Amazon's willingness to sacrifice short-term profit for long-term market share is well established.

It's the way that Amazon CEO Jeff Bezos went from posting an ad looking for developers in 1994 to becoming the world's richest man a little over two decades later.

The latest manifestation of Amazon's 'market share at almost any cost' approach? 

As the Wall Street Journal detailed this week, Amazon has started offering discounts on some products sold by third parties in its marketplace and that use the Fulfilled by Amazon program. The discounted products feature a tag, “Discount provided by Amazon”, and according to the Wall Street Journal, some products are discounted by as much as 9%.

Amazon, of course, is no stranger to discounting and, in fact, has even sold products at below its cost to win market share.

But Amazon's latest effort is a big deal because its discounts have previously been almost exclusively applied to products it sold to customers directly. By some estimates, third party merchants now account for approximately half of the items sold on Amazon, however, so broadening its discount strategy to third party sellers is arguably critical if Amazon wants to use discounts to drive market share. 

Here's what Amazon sellers need to know about the move

The good news for Amazon merchants is that Amazon's discounts don't reduce the amount they earn from sales of their products. If Amazon chooses to discount products they sell, merchants don't take a loss because Amazon is subsidizing the entire cost of the discount. Therefore, if the discount boosts sales, the discount is effectively free promotion.

The not-so-good news for merchants is that many don't know that their products are being discounted by Amazon and Amazon isn't revealing how it's selecting which products to discount and when it removes discounts. As the Wall Street Journal points out, this could produce some unintended consequences. For example, to the extent discounts boost sales, they may result in merchants running out of inventory sooner than expected.

A bigger issue is that Amazon's discounts could put merchants on the wrong side of their agreements with manufacturers and other retailers they work with. The Wall Street Journal offers an example:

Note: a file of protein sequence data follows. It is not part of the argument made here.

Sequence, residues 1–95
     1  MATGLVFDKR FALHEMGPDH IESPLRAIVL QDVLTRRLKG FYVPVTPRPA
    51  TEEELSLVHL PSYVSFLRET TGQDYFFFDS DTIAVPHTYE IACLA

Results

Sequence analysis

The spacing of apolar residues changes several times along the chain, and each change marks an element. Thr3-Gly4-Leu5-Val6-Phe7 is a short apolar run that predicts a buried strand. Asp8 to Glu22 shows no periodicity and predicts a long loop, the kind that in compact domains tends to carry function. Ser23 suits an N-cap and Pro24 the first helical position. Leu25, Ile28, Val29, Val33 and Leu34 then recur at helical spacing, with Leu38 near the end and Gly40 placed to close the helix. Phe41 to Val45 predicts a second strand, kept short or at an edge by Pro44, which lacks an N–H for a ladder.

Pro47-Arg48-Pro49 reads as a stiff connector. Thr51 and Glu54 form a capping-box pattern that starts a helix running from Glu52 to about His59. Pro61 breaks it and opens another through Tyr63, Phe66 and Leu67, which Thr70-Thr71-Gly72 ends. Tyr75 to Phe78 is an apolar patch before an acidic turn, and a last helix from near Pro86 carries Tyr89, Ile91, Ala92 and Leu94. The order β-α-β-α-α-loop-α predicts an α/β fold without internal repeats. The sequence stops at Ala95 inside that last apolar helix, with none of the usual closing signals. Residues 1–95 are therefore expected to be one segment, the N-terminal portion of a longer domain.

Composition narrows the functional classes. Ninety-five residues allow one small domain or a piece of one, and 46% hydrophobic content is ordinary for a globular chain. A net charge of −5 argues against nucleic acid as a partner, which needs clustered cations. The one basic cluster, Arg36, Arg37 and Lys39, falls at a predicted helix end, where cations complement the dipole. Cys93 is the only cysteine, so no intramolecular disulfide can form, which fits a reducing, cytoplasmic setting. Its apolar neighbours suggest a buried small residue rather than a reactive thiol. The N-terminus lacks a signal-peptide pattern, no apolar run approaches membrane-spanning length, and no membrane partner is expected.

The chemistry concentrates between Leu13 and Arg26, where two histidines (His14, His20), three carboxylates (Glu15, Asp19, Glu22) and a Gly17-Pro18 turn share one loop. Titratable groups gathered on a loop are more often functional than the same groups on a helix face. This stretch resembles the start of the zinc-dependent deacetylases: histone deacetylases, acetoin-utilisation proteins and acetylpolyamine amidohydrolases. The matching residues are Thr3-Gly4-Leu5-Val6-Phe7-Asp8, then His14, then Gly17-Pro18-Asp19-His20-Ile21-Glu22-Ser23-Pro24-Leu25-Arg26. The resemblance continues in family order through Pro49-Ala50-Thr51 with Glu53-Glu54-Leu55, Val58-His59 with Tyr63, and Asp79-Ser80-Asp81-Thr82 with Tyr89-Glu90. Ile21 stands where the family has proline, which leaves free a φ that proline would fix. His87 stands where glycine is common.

Jason Boyce, chief executive of home recreation retailer Dazadi.com, says he's been selling on Amazon for nearly 15 years, and the majority of his more than $20 million annually in sales stem from that platform. He isn't sure if any of his products have been marked down yet, but said he's signed agreements with Wal-Mart and other marketplaces to maintain price parity on the same products he's also selling on Amazon.

Because of the potential costs of unintended consequences, including violations of contractual agreements, it's important for Amazon sellers to be aware of the discount effort, monitor their products closely and, where appropriate, opt out.

Yes, there is a way to opt out but not surprisingly, Amazon hasn't exactly made it immediately apparent.

How retailers should respond

For retailers not named Amazon, the online retail giant's latest push for dominance is not a welcome one, but that doesn't mean that retailers are helpless.

First, while a considerable number of shoppers are indeed price sensitive and likely to be swayed by discounts, that Amazon competes aggressively on price shouldn't come as a surprise to retailers. The ways that they should already be defending themselves against the Amazon threat, such as customer experience differentiation, don't change simply because Amazon is discounting products sold by third party merchants.

Second, Amazon's move highlights the potential wisdom of establishing merchant agreements with stronger terms. Obviously, there is risk in demanding terms such as price parity. After all, if a merchant does most of its business with Amazon, it might balk and walk when presented with such terms.

But Amazon competitors should keep in mind that many Amazon sellers are wary of Amazon too, and for good reason, so retailers may have more leverage than they think, especially larger retailers like Walmart.

More on Amazon:

Patricio Robles

Published 8 November, 2017 by Patricio Robles

Patricio Robles is a tech reporter at Econsultancy. Follow him on Twitter.

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